Creating awareness among citizens on the hazards of plastic litter and encouraging use of cloth bags or other such alternatives, is another stage of the strategy.

“And most importantly impose a littering fine,” suggests Tallulah.

The law does exist but there is absolutely no execution. Does that call for another department in the police? If so, the ‘enviro-police’ would have their task cut out in patrolling public areas and fining the law-breakers.

Somewhere along the twisty by-lanes of the picturesque village called Orlim in South Goa, lives a man who might have the solution to this problem.

Blinded at the age of five, due to a retinal injury, Joseph Pereira manufactures paper bags for clients, who range from five-star hotels to designer brands. A visit to his not-so-sophisticated workshop reveals the simple yet crafty trade.

“There are moulds designed to create bags of 12 different sizes. I picked up the skill at a workshop conducted for us at the National Association for Blind. It is simple – all we need is raw material (recycled paper), cords and eyelids,” Joseph tells Streets.

Besides making paper bags, he has also trained and conducted workshops for prisoners, mentally challenged people and Mahila Mandal (women’s collectives) groups, in chalk and candle making.

Unfortunately, the paper bags come with their own set of pitfalls. The smalles, which can carry goods weighing 3-4 kilos, is priced at Rs 8, which is very costly when compared to the plastic bags that are mostly given away for free.

“I don’t see small shops and kiosks packing paper bags simply because it’s expensive and profit margins are low,” says Joseph.

Also, the concept of using newspaper for paper-bag manufacturing raises doubts of its efficiency and durability.

“It is time-consuming and tiring,” Joseph says, adding that newsprint is thin and delicate, and requires many sheets to be joined together to increase its toughness and capacity.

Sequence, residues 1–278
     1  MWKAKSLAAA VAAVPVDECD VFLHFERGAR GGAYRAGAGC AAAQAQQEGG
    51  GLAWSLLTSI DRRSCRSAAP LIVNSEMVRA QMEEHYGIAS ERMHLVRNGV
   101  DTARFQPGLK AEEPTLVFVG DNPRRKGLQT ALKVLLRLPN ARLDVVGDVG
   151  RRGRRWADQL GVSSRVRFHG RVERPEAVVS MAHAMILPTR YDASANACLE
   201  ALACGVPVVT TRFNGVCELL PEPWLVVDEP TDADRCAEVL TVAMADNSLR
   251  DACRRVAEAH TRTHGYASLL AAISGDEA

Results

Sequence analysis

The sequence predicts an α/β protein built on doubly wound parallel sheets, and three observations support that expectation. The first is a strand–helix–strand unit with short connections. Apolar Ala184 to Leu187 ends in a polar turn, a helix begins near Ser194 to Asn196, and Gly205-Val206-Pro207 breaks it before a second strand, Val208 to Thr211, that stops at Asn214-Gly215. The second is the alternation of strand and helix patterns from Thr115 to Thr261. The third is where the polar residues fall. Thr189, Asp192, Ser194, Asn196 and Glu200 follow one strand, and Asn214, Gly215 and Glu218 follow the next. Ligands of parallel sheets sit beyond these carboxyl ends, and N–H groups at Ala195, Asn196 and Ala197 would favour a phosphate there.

If plastic bags are to be banned totally, we need a feasible alternative to compensate for packing and transporting daily shopping items. Interestingly, they can be completely replaced with biodegradable materials, which are safe for the environment. Resources need to be set aside to establish and maintain an industry that produces environment friendly bags.

The state could also initiate a paper-waste collection drive every fortnight, where people would deliver their old and unwanted paper material; which in turn would be sent to the industry for recycling and production of paper-bags.

Ecological modernization turns the meaning of ecological crisis upside down. What appears to be a threat to the system now becomes a vehicle for innovation. Joseph cannot actually see the difference he makes to the environment, but the determination and zeal in his heart can be inspiration enough for others to make a change.

“Start at your own home, stop using plastics; make use of paper and cloth bags,” he advises.

Joseph’s message is clear:: until the authorities launch an appropriate alternative to replace plastics, resolve to make minimum use of it. Next time the Uncle at the shop starts wrapping your purchase in plastic, tell him you don’t need it.